Rajasthan accounts for more than 900 of the 11,200-odd cases in India, and has seen three deaths. As of Friday morning, 164 people have recovered.
“Around 20,000 people are working to contain the spread in the city itself. Across the district, we have 58 flying police squads on top of the nursing staff, Anganwadi workers, ASHA workers,” Sharma said.
A ‘war room’ was set up adjacent to the DM’s office, which is open 24 hours a day, to take complaints about lack of food and ration.
“Every sick and quarantined person is being looked after by a guard (school teacher) and the cases are overlooked by the police. To rule out any possibility of coronavirus infection, we’re doing 40-50 random samples a day,” said Ajmer’s Chief Medical Officer K.K. Soni.
The administration works by the clock. Medical supervisors lead teams of 30-50 people conducting door-to-door surveys. By the afternoon, the data is compiled and those with influenza-like symptoms are highlighted and put on another list. A special team then sets out by late afternoon to conduct a secondary screening of those with symptoms, and carries out the Covid-19 test if necessary.
“This happens every day. I don’t know about other districts, but this is the process we follow ceaselessly,” said Dr Jyotsna Ranga, a medical officer in the war room.
Of the 615 samples taken between 24 March and 15 April, all but five have been negative. Still, Ajmer’s administration says more can be done.
“We need to be doing more tests,” said Sharma.
Preventing a potential cluster
For the first time in its centuries-old history, Ajmer’s Sufi dargah — Khawaja Gharib Nawaz — has been lifeless for weeks on end. It was closed on 20 March.
The dargah, which normally sees lakhs of visitors each month from all castes and creed, incidentally saw no visitors from the Tabligi Jamaat when the pandemic hit India. The Jamaat is a more conservative missionary movement, while the dargah is a cultural site that welcomes pilgrims and devotees of all faiths.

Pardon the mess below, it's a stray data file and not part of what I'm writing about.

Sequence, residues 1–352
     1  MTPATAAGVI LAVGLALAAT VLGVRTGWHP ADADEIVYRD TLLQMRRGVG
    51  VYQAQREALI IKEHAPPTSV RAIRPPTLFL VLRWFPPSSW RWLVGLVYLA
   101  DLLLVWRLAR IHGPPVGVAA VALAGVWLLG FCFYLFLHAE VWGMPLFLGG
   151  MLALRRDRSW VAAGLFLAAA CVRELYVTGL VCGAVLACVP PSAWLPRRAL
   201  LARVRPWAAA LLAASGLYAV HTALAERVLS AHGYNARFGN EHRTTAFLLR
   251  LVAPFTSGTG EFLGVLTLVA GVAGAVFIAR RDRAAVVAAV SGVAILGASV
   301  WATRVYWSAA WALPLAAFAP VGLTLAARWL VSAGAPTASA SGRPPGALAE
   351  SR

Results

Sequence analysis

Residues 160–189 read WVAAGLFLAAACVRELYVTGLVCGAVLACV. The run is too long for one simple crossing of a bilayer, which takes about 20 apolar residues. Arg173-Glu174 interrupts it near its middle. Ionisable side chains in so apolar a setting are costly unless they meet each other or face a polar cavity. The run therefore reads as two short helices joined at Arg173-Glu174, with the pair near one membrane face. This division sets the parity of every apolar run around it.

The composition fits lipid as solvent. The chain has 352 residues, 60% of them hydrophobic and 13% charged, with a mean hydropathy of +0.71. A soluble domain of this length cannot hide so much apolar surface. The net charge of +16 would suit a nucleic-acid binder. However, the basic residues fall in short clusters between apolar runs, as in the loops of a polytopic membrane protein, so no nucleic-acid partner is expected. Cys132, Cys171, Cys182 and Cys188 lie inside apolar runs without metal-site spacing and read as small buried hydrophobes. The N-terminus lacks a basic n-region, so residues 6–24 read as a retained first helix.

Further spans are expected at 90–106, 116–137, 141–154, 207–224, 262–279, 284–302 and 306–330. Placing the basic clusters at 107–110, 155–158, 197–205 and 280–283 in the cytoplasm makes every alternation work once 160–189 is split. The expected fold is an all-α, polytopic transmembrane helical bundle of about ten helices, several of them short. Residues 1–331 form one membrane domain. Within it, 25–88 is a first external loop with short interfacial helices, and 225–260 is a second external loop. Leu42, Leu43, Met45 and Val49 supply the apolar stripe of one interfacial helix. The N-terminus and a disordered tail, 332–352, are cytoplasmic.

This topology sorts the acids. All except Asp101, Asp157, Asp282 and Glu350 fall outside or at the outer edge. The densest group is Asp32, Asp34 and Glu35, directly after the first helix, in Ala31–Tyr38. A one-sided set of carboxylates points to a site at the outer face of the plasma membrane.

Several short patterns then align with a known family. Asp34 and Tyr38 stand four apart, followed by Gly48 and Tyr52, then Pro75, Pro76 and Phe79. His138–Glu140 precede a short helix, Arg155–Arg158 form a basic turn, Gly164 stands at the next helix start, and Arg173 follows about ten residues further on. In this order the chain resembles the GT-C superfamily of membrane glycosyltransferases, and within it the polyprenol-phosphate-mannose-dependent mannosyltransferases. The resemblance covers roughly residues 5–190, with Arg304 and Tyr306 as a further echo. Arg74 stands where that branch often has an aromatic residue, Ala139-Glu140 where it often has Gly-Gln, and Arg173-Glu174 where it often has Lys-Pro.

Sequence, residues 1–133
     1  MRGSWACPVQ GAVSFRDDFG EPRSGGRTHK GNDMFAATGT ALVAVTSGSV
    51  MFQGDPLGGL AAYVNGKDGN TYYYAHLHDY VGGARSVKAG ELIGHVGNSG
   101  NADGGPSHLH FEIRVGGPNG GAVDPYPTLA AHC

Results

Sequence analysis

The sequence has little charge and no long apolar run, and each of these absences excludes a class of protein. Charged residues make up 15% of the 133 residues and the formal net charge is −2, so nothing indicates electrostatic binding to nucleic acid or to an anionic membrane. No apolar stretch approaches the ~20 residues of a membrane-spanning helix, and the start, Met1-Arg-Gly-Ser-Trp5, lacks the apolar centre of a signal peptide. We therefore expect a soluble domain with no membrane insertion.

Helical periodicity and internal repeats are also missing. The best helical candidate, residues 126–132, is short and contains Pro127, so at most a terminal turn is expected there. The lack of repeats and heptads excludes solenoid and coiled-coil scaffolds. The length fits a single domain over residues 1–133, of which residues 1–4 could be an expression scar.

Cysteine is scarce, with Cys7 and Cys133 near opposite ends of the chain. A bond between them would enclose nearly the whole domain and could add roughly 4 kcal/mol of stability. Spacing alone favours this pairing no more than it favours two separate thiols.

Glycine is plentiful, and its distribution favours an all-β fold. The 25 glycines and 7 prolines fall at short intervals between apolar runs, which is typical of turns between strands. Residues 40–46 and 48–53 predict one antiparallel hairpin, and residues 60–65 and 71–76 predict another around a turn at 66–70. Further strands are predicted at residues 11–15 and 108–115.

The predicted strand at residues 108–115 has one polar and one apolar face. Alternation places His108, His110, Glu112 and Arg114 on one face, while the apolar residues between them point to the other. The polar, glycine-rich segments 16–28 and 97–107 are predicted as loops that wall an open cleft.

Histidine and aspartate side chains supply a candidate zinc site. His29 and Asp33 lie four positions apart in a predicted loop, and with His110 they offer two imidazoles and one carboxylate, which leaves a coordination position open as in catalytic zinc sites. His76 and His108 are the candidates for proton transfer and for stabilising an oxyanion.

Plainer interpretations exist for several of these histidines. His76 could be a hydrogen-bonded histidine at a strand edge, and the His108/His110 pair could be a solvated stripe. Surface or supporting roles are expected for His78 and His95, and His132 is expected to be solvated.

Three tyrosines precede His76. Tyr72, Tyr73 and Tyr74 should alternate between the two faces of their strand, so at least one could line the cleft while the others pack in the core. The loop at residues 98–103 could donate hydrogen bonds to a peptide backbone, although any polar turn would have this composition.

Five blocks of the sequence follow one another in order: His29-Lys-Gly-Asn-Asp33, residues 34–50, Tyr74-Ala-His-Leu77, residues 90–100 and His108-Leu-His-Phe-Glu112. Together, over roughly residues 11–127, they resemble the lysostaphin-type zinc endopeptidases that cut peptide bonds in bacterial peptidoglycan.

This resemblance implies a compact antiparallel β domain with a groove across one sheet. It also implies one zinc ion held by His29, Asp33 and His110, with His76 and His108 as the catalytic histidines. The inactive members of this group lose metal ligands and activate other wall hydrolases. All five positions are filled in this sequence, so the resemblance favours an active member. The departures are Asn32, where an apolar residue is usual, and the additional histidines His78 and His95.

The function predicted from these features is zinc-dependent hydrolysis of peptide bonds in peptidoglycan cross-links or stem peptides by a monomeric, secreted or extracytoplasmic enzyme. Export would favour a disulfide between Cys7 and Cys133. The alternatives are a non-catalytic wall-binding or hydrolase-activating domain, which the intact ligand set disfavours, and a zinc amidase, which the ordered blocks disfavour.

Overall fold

Deliberations between the board and the local administration to close the dargah began around 15 March, 10 days before the nationwide lockdown was announced. According to Syed Wahid Hussain Chisti, secretary of the dargah board, around 10 lakh people visited the site between 20 February and 20 March.
“It was a difficult and painful decision, but it was the right decision to take. The dargah has never in history had to be closed like this, so it’s a truly unprecedented time,” said Muqqadas Moini, a priest at the dargah.
“It took us a while to explain to people why they should not come to the dargah because initially they did not understand. We explained that someone would continue to do rituals inside the mosque, but that everyone should stay inside their homes and pray,” Chisti said.
As many as 4,360 devotees who had come from all over India before the dargah closed are currently stuck in Ajmer, and Chisti said no stay and food arrangements have been made for them by the district administration.
“Some are staying in the houses of other board members or hotels or they have been put up somewhere by NGOs. We only ask that their food be taken care of by the administration,” said Chisti.